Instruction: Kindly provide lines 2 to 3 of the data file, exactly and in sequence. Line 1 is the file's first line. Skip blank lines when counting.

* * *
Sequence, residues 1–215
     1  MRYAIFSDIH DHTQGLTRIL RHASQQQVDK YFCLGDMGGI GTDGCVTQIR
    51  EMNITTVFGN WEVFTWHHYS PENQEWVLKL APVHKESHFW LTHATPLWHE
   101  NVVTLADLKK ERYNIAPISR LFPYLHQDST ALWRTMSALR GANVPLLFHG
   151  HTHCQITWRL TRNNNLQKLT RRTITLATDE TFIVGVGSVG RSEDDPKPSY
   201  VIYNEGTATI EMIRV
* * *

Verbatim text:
     1  MRYAIFSDIH DHTQGLTRIL RHASQQQVDK YFCLGDMGGI GTDGCVTQIR
    51  EMNITTVFGN WEVFTWHHYS PENQEWVLKL APVHKESHFW LTHATPLWHE